Logit-link function
In the golden eagle occupancy model (Appendix B; Supplement 1) I calculated the derivative of a conditional binomial parameter R with respect to changes in hare abundance (hare).
Ri = -0.775 ### intercept logit function for R
Rh = 5.948795 ### slope for hare effect logit function for R
dR.dHARE <- Rh*exp(Rh*hare+Ri))/((exp(2*Rh*hare+2*Ri))+(2*exp(Rh*hare+Ri))+1)
Area in the incidence function model
In the butterfly example, one component of the sensitivity of occupancy to patch area was the derivative of extinction to patch area (Eq. 17). For H. comma at the mean patch area the following code was used for this derivative:
e = 0.010
x = 1.009
A = 0.94
dE.dA <- -e*x*(A^(-x-1))
Ratio of state variables
We also need to calculate derivatives of derived state variables. A good example of this was calculating co-occurrence probability for predators when toads were present. This is a ratio involving to values from the stationary state distribution vector e_{3} and e_{5}.
dCde3 <- -SSD.ephD[5]/((sum(SSD.ephD[c(3,5)]))^2)
dCde5 <- SSD.ephD[3]/((sum(SSD.ephD[c(3,5)]))^2)
Combining components using the chain rule
Once the derivatives for the component functions are calculated the final step is to recombine them to get the overall sensitivity.
Example 1: Let's start with the sensitivity of the stationary state distribution to changes in the conditional binomial parameters of the arroyo toad model. Table 2 contains the full set of calculated sensitivities, which we will recreate. The output will be a matrix with 12 rows, one for each of the conditional binomial parameters, and 5 columns, one for each of the states in the stationary state distribution.
Begin with a single calculation, the derivative of e_{1} with respect to changes in γ^{H}. We need to sum across all the transition probabilities (5 by 5).
de1dgH.ephD <- sum(dR.dTheta[,,1]*dedR.ephD[,,1])
To calculate the full set:
dedCB.ephD <- matrix(0,5,5) for (a in 1:5){ for (b in 1:12){ dedCB.ephD[b,a] <- sum(dR.dTheta[,,b]*dedR.ephD[,,a]) } } rownames(dedCB.ephD) <-c("gH","eH","gTu","gTp","gTP","eTp","eTP","gPu","gPt" ,"gPT","ePt","ePT") colnames(dedCB.ephD) <- c("e1","e2","e3","e4","e5")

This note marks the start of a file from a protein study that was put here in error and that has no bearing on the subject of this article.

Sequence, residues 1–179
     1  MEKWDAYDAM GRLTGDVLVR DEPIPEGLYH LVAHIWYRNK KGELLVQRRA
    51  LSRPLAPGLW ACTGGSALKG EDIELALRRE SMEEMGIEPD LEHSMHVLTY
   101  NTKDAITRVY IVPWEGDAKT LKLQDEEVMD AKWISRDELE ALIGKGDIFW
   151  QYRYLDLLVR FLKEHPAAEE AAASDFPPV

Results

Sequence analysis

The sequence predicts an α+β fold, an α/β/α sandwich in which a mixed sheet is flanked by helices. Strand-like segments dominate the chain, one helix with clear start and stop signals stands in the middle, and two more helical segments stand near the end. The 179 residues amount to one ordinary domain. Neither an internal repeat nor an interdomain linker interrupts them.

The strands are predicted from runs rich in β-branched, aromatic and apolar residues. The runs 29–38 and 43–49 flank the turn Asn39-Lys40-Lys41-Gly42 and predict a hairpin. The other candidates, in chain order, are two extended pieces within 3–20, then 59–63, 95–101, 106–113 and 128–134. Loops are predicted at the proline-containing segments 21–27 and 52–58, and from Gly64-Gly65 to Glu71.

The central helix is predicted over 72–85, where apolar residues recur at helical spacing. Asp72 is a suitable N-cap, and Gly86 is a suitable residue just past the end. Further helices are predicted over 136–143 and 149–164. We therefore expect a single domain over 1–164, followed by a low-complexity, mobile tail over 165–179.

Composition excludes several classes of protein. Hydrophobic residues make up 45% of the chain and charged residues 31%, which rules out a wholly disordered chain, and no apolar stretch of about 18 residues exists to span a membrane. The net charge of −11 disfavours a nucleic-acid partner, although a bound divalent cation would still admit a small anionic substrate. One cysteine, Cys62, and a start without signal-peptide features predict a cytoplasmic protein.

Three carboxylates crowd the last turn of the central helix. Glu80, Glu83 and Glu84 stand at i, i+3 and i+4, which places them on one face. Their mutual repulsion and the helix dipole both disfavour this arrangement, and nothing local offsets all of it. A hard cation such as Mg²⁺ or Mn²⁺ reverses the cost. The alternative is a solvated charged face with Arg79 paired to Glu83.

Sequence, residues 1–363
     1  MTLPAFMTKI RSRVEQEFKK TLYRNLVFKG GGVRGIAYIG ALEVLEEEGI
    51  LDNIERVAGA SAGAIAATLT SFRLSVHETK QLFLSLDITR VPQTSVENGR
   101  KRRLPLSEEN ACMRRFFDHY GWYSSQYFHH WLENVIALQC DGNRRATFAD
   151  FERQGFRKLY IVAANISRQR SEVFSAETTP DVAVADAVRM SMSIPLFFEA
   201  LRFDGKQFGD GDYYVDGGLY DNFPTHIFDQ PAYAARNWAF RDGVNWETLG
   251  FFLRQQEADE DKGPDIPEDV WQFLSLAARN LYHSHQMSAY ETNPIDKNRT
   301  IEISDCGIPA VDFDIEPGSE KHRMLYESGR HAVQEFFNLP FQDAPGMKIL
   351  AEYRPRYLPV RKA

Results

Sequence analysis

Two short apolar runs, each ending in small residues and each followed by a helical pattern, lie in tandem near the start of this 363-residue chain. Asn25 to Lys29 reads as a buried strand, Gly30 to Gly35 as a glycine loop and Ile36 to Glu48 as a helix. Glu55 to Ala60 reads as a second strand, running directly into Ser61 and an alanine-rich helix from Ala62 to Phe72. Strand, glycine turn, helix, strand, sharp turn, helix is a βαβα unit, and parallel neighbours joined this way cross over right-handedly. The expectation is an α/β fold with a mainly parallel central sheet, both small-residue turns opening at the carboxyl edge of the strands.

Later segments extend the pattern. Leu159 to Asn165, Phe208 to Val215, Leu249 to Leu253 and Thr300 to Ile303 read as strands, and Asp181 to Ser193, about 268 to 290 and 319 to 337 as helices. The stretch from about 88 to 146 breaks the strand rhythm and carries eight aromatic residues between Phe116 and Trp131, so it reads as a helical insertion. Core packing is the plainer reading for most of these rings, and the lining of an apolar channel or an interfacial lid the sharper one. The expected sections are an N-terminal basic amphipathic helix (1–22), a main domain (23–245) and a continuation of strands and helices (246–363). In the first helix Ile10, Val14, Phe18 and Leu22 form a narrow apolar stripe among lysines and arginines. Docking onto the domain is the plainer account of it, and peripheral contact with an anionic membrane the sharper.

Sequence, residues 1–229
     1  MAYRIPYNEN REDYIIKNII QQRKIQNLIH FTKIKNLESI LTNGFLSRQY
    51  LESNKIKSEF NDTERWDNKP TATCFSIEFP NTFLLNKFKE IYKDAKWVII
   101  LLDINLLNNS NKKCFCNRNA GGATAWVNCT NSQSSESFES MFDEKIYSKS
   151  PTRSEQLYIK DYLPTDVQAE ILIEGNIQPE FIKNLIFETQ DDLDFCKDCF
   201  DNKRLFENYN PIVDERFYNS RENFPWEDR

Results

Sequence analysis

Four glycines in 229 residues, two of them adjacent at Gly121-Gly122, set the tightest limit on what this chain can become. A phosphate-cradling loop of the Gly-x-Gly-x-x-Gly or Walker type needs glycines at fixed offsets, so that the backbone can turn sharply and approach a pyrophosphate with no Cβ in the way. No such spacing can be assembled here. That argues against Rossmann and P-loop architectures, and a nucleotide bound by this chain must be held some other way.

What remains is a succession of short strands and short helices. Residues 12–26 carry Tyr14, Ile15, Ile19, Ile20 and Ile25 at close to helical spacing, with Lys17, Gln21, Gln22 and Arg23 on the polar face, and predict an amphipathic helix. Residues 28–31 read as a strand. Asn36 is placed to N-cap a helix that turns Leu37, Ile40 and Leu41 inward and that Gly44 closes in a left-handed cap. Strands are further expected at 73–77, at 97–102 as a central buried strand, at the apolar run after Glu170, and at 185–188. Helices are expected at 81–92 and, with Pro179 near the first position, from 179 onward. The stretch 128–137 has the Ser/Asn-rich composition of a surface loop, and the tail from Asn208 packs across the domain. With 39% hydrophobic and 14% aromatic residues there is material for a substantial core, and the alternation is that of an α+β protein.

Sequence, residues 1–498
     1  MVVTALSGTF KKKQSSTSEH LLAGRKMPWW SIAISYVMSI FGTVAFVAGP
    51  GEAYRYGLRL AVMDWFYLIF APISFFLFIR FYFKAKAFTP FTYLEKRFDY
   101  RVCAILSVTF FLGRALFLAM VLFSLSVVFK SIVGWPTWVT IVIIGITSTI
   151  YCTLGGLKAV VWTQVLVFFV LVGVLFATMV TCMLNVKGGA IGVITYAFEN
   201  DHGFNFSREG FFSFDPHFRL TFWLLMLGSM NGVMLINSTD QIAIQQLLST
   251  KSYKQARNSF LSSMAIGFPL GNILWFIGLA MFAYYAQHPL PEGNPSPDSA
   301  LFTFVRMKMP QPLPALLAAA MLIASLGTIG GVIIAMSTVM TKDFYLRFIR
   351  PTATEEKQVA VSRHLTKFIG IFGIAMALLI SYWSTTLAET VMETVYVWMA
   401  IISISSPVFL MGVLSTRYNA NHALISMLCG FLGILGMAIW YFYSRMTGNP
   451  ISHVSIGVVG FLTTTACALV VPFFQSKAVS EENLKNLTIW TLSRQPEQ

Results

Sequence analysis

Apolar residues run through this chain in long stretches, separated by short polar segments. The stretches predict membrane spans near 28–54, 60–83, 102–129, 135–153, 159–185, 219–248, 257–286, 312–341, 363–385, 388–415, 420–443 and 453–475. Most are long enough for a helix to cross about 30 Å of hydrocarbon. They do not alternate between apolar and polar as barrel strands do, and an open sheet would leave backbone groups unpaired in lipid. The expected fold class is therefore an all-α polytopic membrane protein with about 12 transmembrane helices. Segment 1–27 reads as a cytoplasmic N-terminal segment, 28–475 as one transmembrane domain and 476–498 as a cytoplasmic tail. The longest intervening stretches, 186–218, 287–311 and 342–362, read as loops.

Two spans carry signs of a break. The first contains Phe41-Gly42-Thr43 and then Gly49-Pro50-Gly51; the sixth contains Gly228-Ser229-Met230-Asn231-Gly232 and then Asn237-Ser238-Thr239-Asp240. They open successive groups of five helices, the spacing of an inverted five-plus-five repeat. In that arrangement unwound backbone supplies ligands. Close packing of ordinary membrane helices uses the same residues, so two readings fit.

We can extend this to get the sensitivities in Fig. 2a. The code calculates the deriviative of the derived state variable co-occurrence (C) with respect extinction and colonization parameters summed across all starting states. Two extensions are necessary, adding the relationship between the state distribution and co-occurrence, and combining extinctions and colonizations.
dedCB2.ephD <- rbind(dedCB.ephD[1:2,],colSums(dedCB.ephD[3:5,]), colSums(dedCB.ephD[6:7,]),colSums(dedCB.ephD[8:10,]),colSums(dedCB.ephD[11:12,])) #### this sums across all starting states for each of the extinction and colonization paramters
rownames(dedCB2.ephD) = c("gH","eH","gT","eT","gP","eP")
dcooccurdCB2.ephD <- dedCB2.ephD[,3]*-SSD.ephD[5]/((sum(SSD.ephD[c(3,5)]))^2) + dedCB2.ephD[,5]*SSD.ephD[3]/((sum(SSD.ephD[c(3,5)]))^2) #### combines the derived state variable - cooccurrence
Example 2: Now let's look at code for the butterfly metapopulation model. The goal here is to calculate the sensitivity of occupancy (e_{2}) to changes in area of the patch. The relationship is a function of a couple of estimated parameters in the function which predicts extinction probability and the colonization probability. For an average sized patch for the H. comma population with a colonization fixed to be 0.4 the following code calculates the sensitivity:
e = 0.010
x = 1.009
A = 0.94
E = e/(A^x) ## extinction, which is a function of e, x, and A
C = 0.4 ## colonization
R <- matrix(c((1-C),C,E,(1-E)),2,2) ## transition matrix (Eq. 16)
R.sens <- sens(R)$sensitivities
dR.dE <- matrix(c(0,0,1,-1),2,2)
dE.dA <- -e*x*(A^(-x-1))
de2.dA <- sum(dE.dA*dR.dE*R.sens[,,2])
The original function gets divided into 3 parts. The derivative of in occupancy with respect to transition probabilities (R.sens[,,2]), the derivative of the transition probabilities with respect to extinction (dR.dE), and the derivative of extinction with respect to changes in patch area (dE.dA). The first 5 lines of code define the parameter values for which the sensitivity is calculated. The next 4 set up and calculate the derivatives. Finally the last line of code uses the chain-rule to combine the parts (Eq. 18 in the paper).
Adding spatial variation
Accounting for spatial variation is straight forward. For the arroyo toad model the sensitivity of co-occurrence for the overall population of sites in both stream types to each of the extinction and colonization parameters is the weighted averaged of the sensitivities. To do this we would use the following code:
dcooccurdCB2.allD <- 0.43*dcooccurdCB2.perD + 0.57*dcooccurdCB2.ephD
The sensitivity of the stationary state distribution to changes in the proportion of ephemeral sites would be (Eq. 27):